Our Team

Benjamin Baiser, PI

I am a community ecologist who takes a combined theoretical and empirical approach to understand how ecological communities assemble, change, and collapse. I did my undergraduate degree among the Redwoods at the University of California Santa Cruz and completed my PhD at Rutgers University. In the course of my research, I have worked with bird, plant, invertebrate, and protozoan communities in exciting locations such as the Florida Everglades, Hawk Mountain Sanctuary, and ombrotrophic bogs across Vermont and Massachusetts.

When I am not trying to unravel the mysteries of biodiversity, I enjoy spending time with my wife and daughters, biking, hiking, and birding. When I can’t get outside, I enjoy listening to music, attempting to play the keyboard, and following the New York Islanders, Mets, Giants, and Knicks. View CV

Daijiang Li, Post-doctoral researcher

I am broadly interested in biodiversity and community ecology. Specifically, how and why species occur where they are and assemble into communities? How have communities changed overtime and how will they respond to global change? I do both theoretical and empirical work to understand these questions. I received my Ph.D in Botany and M.S. in Biometry from University of Wisconsin-Madison. My PhD research focused on the long-term taxonomic, functional, and phylogenetic dynamics of Pine Barrens in central Wisconsin since 1958. In August 2016, I joined the lab as a postdoctoral associate to develop methods to integrate different facets of biodiversity and apply them to study effects of global change on communities.

Alicia McGrew, PhD student

I received both my B.S. in Biology (Natural Resources) and my M.S. in Conservation Biology from Central Michigan University in Mount Pleasant, MI. As an undergraduate, I became interested in zooplankton, and worked as a research technician to quantify zooplankton taxa used as food by larval fishes in a major river delta in Michigan. For my Master’s research, I investigated the basic feeding ecology of the Great Lakes invader, Hemimysis anomala, with a particular focus on their capacity for herbivorous and omnivorous feeding. My PhD research in the Baiser Lab will explore size spectra (body size-abundance relationships) of the aquatic community in the leaves of the carnivorous plant, Sarracenia purpurea. I am interested in how top-down and bottom-up forces interact to influence the distribution of body sizes, and how these size spectra change over the course of ecological succession. While my research interests center on aquatic and community ecology, I’m also interested in the Scholarship of Teaching and Learning, and using active and collaborative learning strategies to enhance student involvement and learning.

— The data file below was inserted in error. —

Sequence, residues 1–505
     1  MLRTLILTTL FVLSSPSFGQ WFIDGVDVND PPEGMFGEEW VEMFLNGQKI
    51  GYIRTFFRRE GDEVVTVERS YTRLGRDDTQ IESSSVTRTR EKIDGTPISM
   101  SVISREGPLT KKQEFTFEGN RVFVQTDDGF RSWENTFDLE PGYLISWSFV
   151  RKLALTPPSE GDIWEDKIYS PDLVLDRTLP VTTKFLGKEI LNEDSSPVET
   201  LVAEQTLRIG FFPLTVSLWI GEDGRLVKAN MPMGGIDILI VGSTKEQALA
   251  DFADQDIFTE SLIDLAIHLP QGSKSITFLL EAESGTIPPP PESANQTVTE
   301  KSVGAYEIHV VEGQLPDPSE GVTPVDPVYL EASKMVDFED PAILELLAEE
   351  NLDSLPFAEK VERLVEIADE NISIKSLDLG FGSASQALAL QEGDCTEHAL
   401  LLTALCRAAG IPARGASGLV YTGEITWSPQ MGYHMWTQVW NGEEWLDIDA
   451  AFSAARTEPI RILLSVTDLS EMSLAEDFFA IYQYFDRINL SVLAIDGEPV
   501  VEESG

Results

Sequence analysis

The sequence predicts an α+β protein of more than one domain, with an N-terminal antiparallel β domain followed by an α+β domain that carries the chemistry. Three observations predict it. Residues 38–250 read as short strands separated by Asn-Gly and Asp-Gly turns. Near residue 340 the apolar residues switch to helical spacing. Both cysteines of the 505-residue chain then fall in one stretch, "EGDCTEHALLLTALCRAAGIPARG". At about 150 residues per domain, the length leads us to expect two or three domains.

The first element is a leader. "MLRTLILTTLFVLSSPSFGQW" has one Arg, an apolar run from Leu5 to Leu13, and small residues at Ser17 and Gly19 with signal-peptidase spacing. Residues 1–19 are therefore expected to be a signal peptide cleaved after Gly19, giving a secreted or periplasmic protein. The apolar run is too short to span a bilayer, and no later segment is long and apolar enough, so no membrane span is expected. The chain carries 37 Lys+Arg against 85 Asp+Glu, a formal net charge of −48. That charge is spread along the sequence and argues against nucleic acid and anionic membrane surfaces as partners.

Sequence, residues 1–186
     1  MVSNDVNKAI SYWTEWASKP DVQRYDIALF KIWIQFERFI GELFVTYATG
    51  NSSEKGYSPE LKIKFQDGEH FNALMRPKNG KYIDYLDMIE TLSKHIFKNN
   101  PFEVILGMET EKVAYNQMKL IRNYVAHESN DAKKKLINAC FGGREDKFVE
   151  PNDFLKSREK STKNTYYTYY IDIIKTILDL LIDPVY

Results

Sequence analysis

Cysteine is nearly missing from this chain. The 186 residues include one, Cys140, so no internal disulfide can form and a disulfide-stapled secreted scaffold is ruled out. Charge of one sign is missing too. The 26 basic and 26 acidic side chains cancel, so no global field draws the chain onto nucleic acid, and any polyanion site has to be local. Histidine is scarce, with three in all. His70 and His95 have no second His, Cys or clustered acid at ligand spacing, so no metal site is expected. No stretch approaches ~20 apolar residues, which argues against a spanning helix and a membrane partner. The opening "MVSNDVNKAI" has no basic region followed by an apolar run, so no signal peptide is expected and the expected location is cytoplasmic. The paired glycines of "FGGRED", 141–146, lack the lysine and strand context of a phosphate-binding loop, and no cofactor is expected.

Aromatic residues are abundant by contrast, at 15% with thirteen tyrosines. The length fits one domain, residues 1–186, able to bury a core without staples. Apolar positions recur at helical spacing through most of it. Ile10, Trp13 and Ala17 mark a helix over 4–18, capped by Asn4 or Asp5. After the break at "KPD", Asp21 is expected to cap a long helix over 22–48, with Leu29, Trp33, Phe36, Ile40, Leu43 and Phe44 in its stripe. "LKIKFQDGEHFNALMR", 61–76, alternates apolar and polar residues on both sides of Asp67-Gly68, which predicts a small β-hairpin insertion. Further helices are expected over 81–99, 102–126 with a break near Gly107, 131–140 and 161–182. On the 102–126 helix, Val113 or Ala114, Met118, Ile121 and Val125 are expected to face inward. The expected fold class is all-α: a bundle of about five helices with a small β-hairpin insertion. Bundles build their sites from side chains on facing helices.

Lauren Trotta, PhD student

My passion for ecology stems from an encompassing desire to understand the natural systems that surround us. My research operates at the intersection of ecology, evolution, and natural history to answer: why do we see, what we see, where see it? I leverage community phylogenetic techniques to explore how evolutionary relationships between species shape ecological communities. My Master’s research at the University of Florida examined the relatedness of invasive, threatened, and endangered species in Florida’s globally imperiled pine rockland ecosystem using a phylogeny I constructed from field-based collections. My PhD will investigate the role of environmental drivers, such as fire frequency and habitat fragment size, on community phylogenetic patterns across Florida’s pine ecosystems.

Chris Gale, undergraduate researcher

I am a senior Microbiology and Cell Science major who began working in the Baiser lab in September 2016. Prior to joining the lab, I had little instruction in ecology; however, I always had a great interest in the field. As an undergraduate researcher, I have been able to not only expand my knowledge of ecology, but apply techniques learned throughout my courses in microbiology in an interdisciplinary fashion. My research involves characterizing the food web of the inquiline community within the northern pitcher plant, Sarracenia purpurea. I am specifically interested in how the biodiversity of bacteria within the pitchers is affected by top-down and bottom-up processes. Though tiny, bacteria have evolved to inhabit every ecosystem on the planet. The incredible diversity of bacteria has always interested me and drives me to continue studying them. In my free time I enjoy spending time outdoors and playing the guitar.

Baiser Lab Alumni

Josh Epstein 2014-2016

MS “Functional Diversity of Southeastern United States Fish Communities”.
Currently a PhD student at the University of Florida